Looking at the image to the left, figure 2, you see the speedo cluster, the knee panel, radio area and center console.
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1. I failed to snap a picture of the removal of the speed cluster dash area. But it is as follows. Lower the steering wheel all the way down. Firmly grasp the top most forward plastic and pull back towards yourself.

2. Two remove the knee panel that is below the steering wheel. The the top plastic edge of the knee panel exposed, firmly grasp and pull down with even force. Doesn’t take much at all. Only two clip hold up the hinged panel. Once it has hinged down as far as it will, slide the panel 3 inches to the left and it comes off.
IMG_20120920_172933
3. If you look at the shifter there in the front middle off the console.(Figure 3) You see the frame that looks like brushed metal. It is plastic so go easy. If you are in this truck looking down at it, you notice a gap between the shift base and this faux metal area. Insert  tips of your fingers and pull up gently. It helps to engage the ebreak.

4. Next if your sitting in the back seat looking a the rear of the center console near the floor you’ll see that the back cover is one piece. Very easy, just grasp it and pull slightly. I’ve included a picture with it removed as I don’t have one from before. (Figure 4)
IMG_20120920_172912

5. Lastly after popping the hood move to the drivers side, near the brake master cylinder. Look on the firewall under the brake master cylinder and to the right near the fender. In this area there are two pass troughs on the firewall. On my vehicle one is fully in use from the factory but the over merely looks like a rubber plug. Pull the out the plug. No tools needed, it just pulls out. Don’t those it.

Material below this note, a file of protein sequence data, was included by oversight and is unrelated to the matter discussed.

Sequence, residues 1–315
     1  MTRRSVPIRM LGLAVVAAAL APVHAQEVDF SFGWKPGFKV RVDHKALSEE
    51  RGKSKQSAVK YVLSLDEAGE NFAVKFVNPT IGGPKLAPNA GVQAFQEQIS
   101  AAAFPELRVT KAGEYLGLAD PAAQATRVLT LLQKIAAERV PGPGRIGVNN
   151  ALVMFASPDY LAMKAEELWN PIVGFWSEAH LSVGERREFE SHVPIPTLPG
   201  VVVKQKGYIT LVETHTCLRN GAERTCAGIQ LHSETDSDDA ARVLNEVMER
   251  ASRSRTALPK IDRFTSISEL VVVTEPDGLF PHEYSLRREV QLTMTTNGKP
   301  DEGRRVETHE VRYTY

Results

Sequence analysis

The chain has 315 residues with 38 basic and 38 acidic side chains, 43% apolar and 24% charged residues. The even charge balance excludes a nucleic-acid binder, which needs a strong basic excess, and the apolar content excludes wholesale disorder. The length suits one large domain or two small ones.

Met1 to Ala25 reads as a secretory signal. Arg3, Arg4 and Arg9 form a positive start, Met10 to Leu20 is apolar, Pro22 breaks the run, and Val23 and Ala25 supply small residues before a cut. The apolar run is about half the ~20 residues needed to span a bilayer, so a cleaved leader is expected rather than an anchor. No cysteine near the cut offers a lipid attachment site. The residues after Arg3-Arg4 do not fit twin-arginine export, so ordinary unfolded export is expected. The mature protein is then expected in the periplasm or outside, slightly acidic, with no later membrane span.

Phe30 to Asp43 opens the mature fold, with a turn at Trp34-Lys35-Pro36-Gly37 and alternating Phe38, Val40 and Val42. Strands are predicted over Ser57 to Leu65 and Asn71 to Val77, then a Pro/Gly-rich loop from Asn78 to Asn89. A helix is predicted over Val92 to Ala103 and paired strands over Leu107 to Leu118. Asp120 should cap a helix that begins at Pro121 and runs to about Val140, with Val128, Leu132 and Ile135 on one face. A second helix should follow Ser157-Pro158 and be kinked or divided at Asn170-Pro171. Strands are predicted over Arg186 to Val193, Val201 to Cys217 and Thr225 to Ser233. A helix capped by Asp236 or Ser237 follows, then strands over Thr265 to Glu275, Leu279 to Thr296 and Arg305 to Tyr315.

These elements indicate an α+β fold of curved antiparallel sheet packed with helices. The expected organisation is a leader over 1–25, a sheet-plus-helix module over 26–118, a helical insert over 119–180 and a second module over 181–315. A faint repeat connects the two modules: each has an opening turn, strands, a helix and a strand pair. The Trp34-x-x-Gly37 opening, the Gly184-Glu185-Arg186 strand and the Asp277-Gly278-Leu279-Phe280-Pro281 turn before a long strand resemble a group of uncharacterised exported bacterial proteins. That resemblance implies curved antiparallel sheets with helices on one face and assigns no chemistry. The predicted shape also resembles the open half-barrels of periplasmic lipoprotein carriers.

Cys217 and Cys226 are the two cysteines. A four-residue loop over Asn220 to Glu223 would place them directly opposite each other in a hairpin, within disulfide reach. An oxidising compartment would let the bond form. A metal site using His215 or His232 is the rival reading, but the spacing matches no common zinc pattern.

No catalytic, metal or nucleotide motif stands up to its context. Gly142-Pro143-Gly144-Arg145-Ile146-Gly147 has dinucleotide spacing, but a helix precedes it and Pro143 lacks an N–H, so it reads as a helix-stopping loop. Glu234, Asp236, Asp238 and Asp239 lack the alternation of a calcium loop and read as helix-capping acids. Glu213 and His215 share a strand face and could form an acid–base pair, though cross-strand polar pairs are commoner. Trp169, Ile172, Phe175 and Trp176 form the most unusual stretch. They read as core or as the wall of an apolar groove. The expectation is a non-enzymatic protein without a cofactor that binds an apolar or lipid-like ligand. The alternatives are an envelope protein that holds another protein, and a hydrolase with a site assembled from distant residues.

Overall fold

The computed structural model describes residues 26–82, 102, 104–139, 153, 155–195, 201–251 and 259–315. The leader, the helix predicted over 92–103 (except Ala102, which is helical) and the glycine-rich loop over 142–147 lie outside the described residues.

Disassembly Complete.
To be continued…

Continued in Post 3: Mounting and Assembly

10/4/12

Kenwood TM-V71A Dual Band: Installation in a Dodge Nitro

This write up is on an installation of a Kenwood TM-V71A Dual Band VHF & UHF mobile amateur radio into a Dodge Nitro SUV. The Kenwood TM-V71A radio is a modern radio with remote control head capability. Technically a remote head kit available from Kenwood is required to take advantage of this feature, but in reality this isn’t true. The remote kit certainly will make your installation easier. The kit would include a adapter and bracket to attach the head to and the specialized cables to hook the head to the body. The basic remote kit only includes an extended cable for the head to radio, no extension for mic to radio. There is an extended remote kit available that I believe has the basics, plus a extended mic and power cable adapters.

With that said, here is how I did it. If you take a look at the small cable that hooks the remote head to the body when they are hooked together you will see that one end is a RJ-45connector(standard ethernet connection) and the other end is a slim RJ-12 connector. Similar to a telephone line(same wiring), but about 1/4 thinner. Then at the termination of the mic cable you’ll see that the connection is also a RJ-45 connector. These two RJ-45 connections are standard size. So to extend this to connections I acquired two RJ-45 male to male couplers, as scene in figure 1.

I should mention I looked for a couple days for this special RJ-12 cable with no luck. I could have fabricated something up, but my method is easier.

To complete all these extended connections here’s what you will need:

  1. 2x RJ-45 couplers
  2. 2x Ethernet Cables(for efficiency’s sake, short as possible)
  3. 2x Ferrite Choke(Optional)

Step 1. Plug a coupler onto each ethernet cable
Step 2. Plug an ethernet cable into the head and into the microphone plug
Step 3. Plug the appropriate end of the include head wire into your extension
Step 4. Make your mic connections

Now this is an optional step but in the kit you can see that cable has a ferrite choke to keep RF emissions traveling down your remote cable. I ordered two from Mouser. I’m going to do it.

***Found these specifically fitted for CAT5 cable***
http://www.iautomate.com/products/Ferrite-Chokes-for-RFID-CAT5-Installations.html

Continued in Post 2:Disassembly